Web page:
VIDEO: The Unfortunate Example of a Dysfunctional Director

VIDEO: The Unfortunate Example of a Dysfunctional Director

In our continuing series, Corporate Governance Expert David Beatty describes a professional experience that he had working with a dysfunctional director and the difficult decision that he had to make regarding that person.

The Unfortunate Example of a Dysfunctional Director

David Beatty: Well, I couldn’t have changed metallurgical gold prices, but I certainly could have opened up the discussion around what our alternates were, how were we going to manage our costs, whether we should close some of our facilities, whether we should shut down some of the initiatives we’d taken, and how are we going to navigate through?

I think anybody in the commodity businesses knows there are cycles to their business, so it’s not going to be down forever. But I would’ve deemed this metallurgical drought to have been 18 months, so we only had to survive for 18 months, close down all of the marginal properties, operate only on our most efficient mines, put on furlough as many people as we could. Those are the kinds of solutions that the board could’ve helped with its management judgment, the management team cope with these. But it never did happen, which was really tragically sad.

I had another case with another I company I was actually chair of, big, global copper-mining company. This is a case of an individual director. This director was a geologist. He loved geology. Was great. Great skill to have at the board. He loved looking at rock core samples, split samples, and he especially loved the geology of Turkey and Çayeli, where we had a big mine. His favorite thing was to look at drill core samples from Shaft 12 in the Çayeli mine. He tended to forget that we had not only a mine in Turkey, we had a big mine in Finland, we were just finishing a $2 billion mine in Spain, we owned 18% of one of the world’s largest copper mines in Papua New Guinea, we owned a gold mine in Ontario, and we were building a $6 billion copper mine in Panama from nothing out in the jungle. We had a large portfolio. And this man always wanted to see the drill core samples from Çayeli.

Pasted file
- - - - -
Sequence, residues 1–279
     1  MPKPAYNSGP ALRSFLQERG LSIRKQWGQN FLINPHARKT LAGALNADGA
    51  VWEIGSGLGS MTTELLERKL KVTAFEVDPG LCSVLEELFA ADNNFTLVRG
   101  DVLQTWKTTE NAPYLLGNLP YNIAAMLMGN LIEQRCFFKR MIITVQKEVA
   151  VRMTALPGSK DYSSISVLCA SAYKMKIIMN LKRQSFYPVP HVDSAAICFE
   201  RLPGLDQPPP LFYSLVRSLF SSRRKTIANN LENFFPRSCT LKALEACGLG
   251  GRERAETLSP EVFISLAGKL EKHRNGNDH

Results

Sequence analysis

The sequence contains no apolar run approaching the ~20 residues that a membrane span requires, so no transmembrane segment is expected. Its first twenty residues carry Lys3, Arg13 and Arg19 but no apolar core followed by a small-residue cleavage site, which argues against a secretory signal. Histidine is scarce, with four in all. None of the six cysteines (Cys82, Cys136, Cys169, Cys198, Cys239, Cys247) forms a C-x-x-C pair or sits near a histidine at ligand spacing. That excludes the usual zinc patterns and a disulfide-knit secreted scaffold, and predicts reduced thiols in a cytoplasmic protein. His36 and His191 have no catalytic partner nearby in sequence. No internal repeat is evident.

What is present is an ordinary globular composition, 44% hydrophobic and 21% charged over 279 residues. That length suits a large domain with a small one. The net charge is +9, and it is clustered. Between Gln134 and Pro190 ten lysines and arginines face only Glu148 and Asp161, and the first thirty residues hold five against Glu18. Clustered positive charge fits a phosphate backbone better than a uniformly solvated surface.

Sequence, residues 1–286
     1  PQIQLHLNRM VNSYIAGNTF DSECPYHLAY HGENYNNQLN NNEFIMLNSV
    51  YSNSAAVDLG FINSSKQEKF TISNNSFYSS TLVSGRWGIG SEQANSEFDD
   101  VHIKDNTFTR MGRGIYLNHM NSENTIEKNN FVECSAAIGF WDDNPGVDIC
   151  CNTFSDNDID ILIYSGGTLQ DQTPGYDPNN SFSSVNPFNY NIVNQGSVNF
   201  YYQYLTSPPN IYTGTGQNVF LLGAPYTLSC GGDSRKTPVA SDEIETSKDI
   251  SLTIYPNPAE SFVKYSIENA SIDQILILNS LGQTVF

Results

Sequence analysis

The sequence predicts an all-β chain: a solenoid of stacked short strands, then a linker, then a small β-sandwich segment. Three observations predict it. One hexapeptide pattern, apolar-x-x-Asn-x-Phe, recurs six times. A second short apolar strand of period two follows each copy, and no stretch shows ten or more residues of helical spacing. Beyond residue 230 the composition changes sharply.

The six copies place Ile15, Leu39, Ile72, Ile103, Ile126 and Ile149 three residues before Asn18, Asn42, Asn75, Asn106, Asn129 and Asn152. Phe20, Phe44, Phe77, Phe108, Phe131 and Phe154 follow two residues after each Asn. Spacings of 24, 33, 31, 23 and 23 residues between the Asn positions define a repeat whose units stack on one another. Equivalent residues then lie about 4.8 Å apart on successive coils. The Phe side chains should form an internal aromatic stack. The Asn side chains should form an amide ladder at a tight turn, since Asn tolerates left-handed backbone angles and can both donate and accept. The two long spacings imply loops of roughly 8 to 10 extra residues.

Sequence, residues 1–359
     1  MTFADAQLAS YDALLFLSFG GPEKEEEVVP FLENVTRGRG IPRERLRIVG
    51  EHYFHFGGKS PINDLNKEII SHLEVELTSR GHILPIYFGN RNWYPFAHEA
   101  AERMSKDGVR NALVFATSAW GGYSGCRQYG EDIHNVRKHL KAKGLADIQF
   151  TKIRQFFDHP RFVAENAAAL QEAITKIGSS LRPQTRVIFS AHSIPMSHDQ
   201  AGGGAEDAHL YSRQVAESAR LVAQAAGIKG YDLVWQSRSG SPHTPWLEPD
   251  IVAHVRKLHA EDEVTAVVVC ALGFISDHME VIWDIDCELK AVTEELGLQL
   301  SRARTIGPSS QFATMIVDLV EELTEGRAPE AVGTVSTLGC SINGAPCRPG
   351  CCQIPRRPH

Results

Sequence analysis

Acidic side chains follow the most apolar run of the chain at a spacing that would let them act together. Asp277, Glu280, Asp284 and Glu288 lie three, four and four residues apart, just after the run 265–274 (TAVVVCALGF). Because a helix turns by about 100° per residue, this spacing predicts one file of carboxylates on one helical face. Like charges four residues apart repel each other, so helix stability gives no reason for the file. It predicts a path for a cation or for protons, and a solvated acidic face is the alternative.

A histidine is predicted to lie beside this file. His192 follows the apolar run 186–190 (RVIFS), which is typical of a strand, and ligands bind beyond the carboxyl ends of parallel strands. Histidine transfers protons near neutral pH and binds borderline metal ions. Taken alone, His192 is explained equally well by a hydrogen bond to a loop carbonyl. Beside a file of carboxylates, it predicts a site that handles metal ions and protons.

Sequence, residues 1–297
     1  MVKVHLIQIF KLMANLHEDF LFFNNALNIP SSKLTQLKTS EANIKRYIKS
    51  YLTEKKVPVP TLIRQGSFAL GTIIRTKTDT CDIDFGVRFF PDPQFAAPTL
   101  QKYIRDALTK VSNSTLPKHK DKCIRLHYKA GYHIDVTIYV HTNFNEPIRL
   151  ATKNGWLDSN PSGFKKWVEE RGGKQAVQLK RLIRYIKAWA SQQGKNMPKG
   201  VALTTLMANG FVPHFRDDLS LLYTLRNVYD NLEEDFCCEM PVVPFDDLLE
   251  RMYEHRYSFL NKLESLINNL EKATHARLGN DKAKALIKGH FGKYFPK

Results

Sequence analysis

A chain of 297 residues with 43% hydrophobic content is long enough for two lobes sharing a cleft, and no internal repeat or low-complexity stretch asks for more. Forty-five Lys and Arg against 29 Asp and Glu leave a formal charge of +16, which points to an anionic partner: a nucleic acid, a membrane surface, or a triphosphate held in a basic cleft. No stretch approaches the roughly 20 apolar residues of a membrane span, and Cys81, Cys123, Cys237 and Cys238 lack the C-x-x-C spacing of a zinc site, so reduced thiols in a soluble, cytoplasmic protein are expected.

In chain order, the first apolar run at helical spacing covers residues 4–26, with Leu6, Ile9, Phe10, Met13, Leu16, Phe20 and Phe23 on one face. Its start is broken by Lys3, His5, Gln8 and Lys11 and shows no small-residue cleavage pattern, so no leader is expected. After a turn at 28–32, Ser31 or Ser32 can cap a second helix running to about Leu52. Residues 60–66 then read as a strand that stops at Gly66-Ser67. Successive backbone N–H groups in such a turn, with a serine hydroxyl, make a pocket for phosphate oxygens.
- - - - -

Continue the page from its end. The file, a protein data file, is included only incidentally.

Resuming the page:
But frankly, we’ve got problems up here in a strategy level that do not encompass understanding the geology of Shaft B of Çayeli with the latest drill results. Because he just was much more interested in the mechanical details of some specific part of the operation, not at the strategic level of what this company was going to do to finance its operations, let alone manage them, I let him go. I’ve only done that a couple of times. Usually, I’m luckier with the people I’ve inherited as chairmen, or I’m more careful with the people I select to be on my board as chairman.

David Beatty is an adjunct professor and Conway chair of the Clarkson Centre for Business Ethics and Board Effectiveness at the Rotman School of Management and a senior adviser to McKinsey. Over his career, he has served on more than 39 boards of directors and been chair of nine publicly traded companies. He was the founding managing director of the Canadian Coalition for Good Governance (2003 to 2008). A version of this article will also appear in the Winter 2017 edition of Rotman Management, published by the University of Toronto’s Rotman School of Management.

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